Coral Reef Sunscreen?
by Valeria Hester
Ever see all the crazy colors that appear on the tips of corals? Did you ever think that those colors were actually the corals’ sunscreen which protects them and their reef mates the sun. A fascinating discovery by researchers out of King’s College, London, have found that coral actually can produce natural sunscreen to protect itself from harsh UV rays. This discovery may also have ramifications down the road to develop a new kind of sunscreen that would better protect humans.
Coral samples were gathered from the Great Barrier Reef with the assistance of Dr. Walter Dunlap from the Australian Institute of Marine Science (AIMS) and Professor Malcolm Shick from the University of Maine.
The team has been studying and finding out just how the genetic and biochemical compounds are made in the coral. They are planning one day to be able to recreate them in the lab and then use them in the making of human sunscreen.
What is coral?
Coral is an animal that has a symbiotic relationship with the algae that lives inside it. The algae uses photosynthesis to make food for the coral. In return, the coral gives the algae a protected place to live as well as a ride to get closer to the sun as it grows. This partnership also sees the waste products of the corals’ respiration, CO2 used as the fuel for the algae’s photosynthesis. The process of photosynthesis needs sunlight to work, so most corals live in shallow water where light is abundantly available. Turns out though, that this also makes them subject to sunburn.
How Do Corals Produce Sunscreen?
Dr. Paul Long, a lecturer from the Institute of Pharmaceutical Science at King’s College, London, has reported that they have been aware that coral and some algae can protect themselves from the strong UV rays of the sun, but only recently have they found out how. What they discovered is that the algae, living in the coral makes a substance that is thought to be delivered to the coral, which then is modified into a sunscreen that benefits both the coral and algae. Interestingly, this protects them both from UV damage, but they also found that fish feeding on the coral, also reaped the benefits of the sunscreen protection. It is the scientists thinking that if they can figure out just how this UV protection compound is made and passed on, they could develop this substance in the lab for humans to use. This could very possibly be in the form of a pill. Imagine popping a sunscreen pill next time you are going to the beach just like people do for sea sickness.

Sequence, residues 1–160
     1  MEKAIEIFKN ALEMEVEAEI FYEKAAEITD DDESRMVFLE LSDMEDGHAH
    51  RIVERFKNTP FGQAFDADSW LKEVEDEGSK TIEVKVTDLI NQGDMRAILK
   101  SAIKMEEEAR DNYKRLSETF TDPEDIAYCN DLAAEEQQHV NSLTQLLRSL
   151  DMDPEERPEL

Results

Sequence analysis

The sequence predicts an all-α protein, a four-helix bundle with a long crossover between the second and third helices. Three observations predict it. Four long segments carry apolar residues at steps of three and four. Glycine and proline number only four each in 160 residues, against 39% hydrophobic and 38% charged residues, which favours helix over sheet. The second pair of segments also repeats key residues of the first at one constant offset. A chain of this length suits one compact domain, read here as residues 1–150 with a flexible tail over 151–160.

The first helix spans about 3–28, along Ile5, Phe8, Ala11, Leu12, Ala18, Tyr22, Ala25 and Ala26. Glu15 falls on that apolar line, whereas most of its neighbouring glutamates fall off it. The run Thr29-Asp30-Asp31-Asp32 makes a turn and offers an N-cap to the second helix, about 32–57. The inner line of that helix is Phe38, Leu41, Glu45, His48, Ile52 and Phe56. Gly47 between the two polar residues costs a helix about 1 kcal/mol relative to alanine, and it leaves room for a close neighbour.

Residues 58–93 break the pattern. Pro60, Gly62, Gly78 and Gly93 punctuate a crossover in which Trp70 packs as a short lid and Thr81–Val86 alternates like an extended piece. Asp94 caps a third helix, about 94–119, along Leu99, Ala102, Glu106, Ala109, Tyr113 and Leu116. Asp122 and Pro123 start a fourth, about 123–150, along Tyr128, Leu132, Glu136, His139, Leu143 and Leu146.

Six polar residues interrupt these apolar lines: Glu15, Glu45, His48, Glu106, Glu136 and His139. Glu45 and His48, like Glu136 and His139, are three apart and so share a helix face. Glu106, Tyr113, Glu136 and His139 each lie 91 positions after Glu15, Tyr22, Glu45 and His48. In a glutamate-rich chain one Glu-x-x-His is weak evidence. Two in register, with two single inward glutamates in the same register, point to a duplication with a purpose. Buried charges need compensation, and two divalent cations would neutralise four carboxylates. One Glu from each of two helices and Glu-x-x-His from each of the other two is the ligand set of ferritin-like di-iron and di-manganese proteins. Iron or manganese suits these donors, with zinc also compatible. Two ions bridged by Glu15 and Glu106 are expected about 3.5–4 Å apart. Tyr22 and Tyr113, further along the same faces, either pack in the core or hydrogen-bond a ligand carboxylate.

Coral Sunscreen In The Reef Aquarium
We have known for years that as we increase the amount of light corals are exposed to in our aquariums, the more vivid the colors become. At least until the point at which the symbiotic reaction described above can still funtion efficiently. Given too much light, corals will ultimately die as their symbiotic algae are fried or expelled as the corals “bleach”. Find the right balance though between normal conditions and scorching and you will be rewarded with some vibrant colors.
Coral Sunscreen’s Practical Uses
Another avenue to the King’s study is to see whether the natural sunscreen compounds could be used in the production of UV tolerant crop plants grown in harsh tropical areas.
The algae’s protection of itself and coral from UV light is – they think a biochemical pathway called the shikimate pathway, that only appears in microbes and plants. If scientist’s could take the part
of the pathway that coral naturally makes, this could be used for natural sunscreens. Perhaps someday Third World economies could grow crops treated through the Shikimate Pathway that could otherwise not withstand the harsh sunlight of their region . This could help provide nutrient-rich food sources for impoverished countries around the world. Until then I will continue to marvel at the coral colors that we see in our sustainably grown corals here @ Reefnation!